Wael wrote:My personal view on the issue boils down to the single most important consideration of Time; how do we componentize entities' individual functionalities along their inner states, reaction to world events, and synchronization with the world's state..?

Lua is a great language to experiment with such conceptual abstractions thanks to its extensibility. One particular example, which I think fulfills some of our requirements towards a powerful alternative to the rigidity of object hierarchies through "entity aggregation", is LuaGravity. LuaGravity is an extension to Lua that offered functional reactivity , effectively equipping Lua with powerful Dataflow capabilities.
Thanks for posting these links, which were new to me. I had a glance at the LuaGravity website, but honestly, I did not quite understand how this is supposed to work, and more importantly, what does it buy us? (That is, how does it make implementing Cafu game worlds easier or better?)

At this time, our entities and their components are very simple and well understood (yet powerful) state machines, and it seems like I fail to see what value the "reactivity" mechanisms can add on top of that.

Can you describe a simple example? (In terms of a game world, not the artificial examples given at the LuaGravity page?)
Best regards,
Carsten
Wael
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Joined: 2014-11-23, 20:16

Re: Entity state changes: functional reactivity with LuaGrav

Post by Wael » 2014-11-25, 12:06

Hi Carsten,

Don't worry about rearranging things in your forum, it's your forum after all :) As a matter of fact it's good that you started this new thread as I think it will help focus the discussion.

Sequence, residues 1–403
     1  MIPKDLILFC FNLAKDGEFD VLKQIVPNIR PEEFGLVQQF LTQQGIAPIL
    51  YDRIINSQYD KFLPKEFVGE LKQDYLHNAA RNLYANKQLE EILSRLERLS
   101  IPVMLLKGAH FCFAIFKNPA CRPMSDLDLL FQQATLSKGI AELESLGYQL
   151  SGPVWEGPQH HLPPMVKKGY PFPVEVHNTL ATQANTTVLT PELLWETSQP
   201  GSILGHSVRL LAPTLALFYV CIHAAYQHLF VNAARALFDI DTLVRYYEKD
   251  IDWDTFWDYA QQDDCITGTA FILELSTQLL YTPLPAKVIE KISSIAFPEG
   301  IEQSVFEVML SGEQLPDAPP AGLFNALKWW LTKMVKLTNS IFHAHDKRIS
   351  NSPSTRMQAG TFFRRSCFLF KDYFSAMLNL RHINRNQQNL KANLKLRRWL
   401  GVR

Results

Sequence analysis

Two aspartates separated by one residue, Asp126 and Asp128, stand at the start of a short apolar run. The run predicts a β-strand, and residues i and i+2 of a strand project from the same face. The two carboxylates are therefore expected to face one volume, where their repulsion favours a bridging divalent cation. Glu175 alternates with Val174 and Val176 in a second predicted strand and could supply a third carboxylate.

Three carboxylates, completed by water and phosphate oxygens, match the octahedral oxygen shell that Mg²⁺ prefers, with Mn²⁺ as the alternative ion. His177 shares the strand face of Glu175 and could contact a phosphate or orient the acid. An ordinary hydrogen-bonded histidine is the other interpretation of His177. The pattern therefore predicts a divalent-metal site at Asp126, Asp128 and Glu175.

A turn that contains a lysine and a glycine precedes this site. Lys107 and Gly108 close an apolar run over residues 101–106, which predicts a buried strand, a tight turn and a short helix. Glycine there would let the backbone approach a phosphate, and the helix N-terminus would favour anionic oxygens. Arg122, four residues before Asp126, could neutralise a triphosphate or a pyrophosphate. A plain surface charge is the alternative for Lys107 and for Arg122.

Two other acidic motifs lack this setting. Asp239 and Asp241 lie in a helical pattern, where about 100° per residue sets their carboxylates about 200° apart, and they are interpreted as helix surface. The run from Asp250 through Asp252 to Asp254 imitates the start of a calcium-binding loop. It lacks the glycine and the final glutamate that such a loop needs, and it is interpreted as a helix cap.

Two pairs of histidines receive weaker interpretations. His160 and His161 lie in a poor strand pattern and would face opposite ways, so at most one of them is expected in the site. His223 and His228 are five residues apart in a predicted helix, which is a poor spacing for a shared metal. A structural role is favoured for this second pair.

First off, per your request, let's start with a game-related argument that is best articulated in this post from a few years back: "Why I switched from component-based game engine architecture to functional reactive programming" http://lambdor.net/?p=171

Now, I do not encourage the mindset of replacing something with another, rather we should integrate the best everything has to offer, hence my enthusiasm to the Lua programming language in general, Cafu engine, and your Lua API in particular.
At this time, our entities and their components are very simple and well understood (yet powerful) state machines, and it seems like I fail to see what value the "reactivity" mechanisms can add on top of that.
Sure, you componentize the entities state-fully, neatly and clearly, that is all fine; but what happens when an event takes place and triggers the chain effect? Do we have the most efficient strategy? I guess How to handle/manage events efficiently in entity component system is the main question, keeping in mind the timing discrepancies that occur between the native C++ code and the Lua script VM-driven implementation.